Early MRI scans can be used to predict the long-term prognosis of a patient with relapsing multiple sclerosis (MS), a study has revealed.
The finding forms part of new research published by the National Hospital for Neurology and Neurosurgery in London.
The study, led by Dr Wallace Brownlee and Professor Olga Ciccarelli, looked through a range of MRI scans carried out when people were first diagnosed with the clinically isolated syndrome (CIS) – often the first physical symptom of MS.
The team then compared the images to the long-term outcomes of people with relapsing MS using the Expanded Disability Status Scale (EDSS).
The analysis revealed a pattern of signs that could be used to predict the future progression of the disease.
Early spinal cord damage, for example, was an indicator that people were more likely to develop the secondary progressive form of MS.
The scientists said the images could also be used to predict the severity of disability a person was likely to face, as well as a person’s physical and cognitive abilities.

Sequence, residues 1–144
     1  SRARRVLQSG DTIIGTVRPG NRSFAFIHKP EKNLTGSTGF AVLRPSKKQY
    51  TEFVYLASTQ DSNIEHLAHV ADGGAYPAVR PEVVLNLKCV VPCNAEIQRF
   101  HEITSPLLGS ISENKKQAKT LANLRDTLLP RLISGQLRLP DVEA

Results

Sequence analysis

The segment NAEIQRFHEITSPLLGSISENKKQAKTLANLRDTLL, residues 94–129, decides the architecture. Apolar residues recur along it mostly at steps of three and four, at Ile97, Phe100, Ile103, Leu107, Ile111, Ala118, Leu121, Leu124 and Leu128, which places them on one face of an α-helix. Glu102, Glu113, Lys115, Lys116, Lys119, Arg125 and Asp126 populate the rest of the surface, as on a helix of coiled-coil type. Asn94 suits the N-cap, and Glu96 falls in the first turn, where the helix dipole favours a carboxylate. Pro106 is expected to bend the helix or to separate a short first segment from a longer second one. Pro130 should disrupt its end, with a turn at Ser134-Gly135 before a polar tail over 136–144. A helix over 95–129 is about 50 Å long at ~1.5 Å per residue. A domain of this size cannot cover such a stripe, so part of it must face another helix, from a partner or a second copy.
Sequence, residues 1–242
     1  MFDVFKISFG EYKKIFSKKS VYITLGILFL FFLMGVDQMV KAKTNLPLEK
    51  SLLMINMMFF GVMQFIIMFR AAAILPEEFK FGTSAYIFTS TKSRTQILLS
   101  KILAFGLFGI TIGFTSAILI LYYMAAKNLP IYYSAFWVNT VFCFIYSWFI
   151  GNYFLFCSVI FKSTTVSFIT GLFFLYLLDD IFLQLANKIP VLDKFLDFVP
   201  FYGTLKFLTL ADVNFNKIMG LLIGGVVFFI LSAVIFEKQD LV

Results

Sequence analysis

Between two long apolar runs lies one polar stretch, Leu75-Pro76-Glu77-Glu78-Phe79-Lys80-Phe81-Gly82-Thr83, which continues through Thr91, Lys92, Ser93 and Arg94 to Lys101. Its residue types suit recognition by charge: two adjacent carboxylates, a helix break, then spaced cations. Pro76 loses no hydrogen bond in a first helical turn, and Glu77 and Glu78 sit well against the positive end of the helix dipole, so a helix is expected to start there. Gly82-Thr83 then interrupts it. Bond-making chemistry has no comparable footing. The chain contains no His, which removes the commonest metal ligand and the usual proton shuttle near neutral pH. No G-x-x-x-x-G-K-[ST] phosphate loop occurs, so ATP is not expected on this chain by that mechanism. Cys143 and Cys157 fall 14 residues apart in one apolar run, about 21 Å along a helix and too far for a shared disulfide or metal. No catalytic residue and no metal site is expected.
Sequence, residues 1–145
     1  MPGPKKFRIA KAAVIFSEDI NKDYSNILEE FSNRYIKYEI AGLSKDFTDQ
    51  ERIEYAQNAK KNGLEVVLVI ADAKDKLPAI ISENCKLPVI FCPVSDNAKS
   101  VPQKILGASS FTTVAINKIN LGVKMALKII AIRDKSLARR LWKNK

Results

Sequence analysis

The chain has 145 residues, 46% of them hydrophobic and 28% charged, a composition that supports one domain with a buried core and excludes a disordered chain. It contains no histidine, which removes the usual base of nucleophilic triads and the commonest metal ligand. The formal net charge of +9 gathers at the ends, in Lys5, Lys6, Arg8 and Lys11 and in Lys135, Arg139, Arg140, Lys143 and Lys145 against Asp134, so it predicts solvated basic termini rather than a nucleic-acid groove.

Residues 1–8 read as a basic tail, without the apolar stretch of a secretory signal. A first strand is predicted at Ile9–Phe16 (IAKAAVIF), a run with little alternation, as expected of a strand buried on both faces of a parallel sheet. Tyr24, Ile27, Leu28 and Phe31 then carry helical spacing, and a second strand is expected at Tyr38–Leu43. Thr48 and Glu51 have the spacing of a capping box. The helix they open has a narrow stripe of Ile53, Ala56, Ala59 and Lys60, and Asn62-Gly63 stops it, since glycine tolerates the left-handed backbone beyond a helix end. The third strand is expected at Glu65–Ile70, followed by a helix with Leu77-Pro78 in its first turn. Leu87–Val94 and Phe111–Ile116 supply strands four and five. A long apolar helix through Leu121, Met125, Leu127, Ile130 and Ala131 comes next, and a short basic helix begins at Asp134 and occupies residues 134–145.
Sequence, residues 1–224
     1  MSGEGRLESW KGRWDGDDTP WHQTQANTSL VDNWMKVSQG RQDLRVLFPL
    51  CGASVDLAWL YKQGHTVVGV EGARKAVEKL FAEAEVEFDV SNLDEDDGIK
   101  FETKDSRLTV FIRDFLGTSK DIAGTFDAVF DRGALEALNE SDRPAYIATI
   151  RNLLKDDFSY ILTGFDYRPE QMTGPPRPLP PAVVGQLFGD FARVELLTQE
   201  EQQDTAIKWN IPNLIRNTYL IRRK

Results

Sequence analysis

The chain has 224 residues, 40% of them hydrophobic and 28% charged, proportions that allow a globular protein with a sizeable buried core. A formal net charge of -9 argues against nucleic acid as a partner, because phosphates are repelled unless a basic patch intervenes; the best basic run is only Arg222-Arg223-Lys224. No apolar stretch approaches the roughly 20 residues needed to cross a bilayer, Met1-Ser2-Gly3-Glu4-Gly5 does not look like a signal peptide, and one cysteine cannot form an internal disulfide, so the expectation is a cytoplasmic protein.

Commenting on the results, which have been published in the peer-reviewed journal Brain, Dr Brownlee said: “We already use MRI scans to diagnose MS and to monitor the course of the disease.
“These findings – which suggest existing measures, routinely available in clinical practice, can provide a long-term prognosis – are a major advance that will be welcomed by many in the MS community.
“MS can be relentless, painful, and disabling, but being able to predict how a person’s MS might progress will mean more certainty, better treatment choices, and hopefully better long term outcomes for everyone living with the condition.”
According to the latest statistics, an estimated 2.5 million people live with a form of MS worldwide, with around 90,500 of those based in the UK.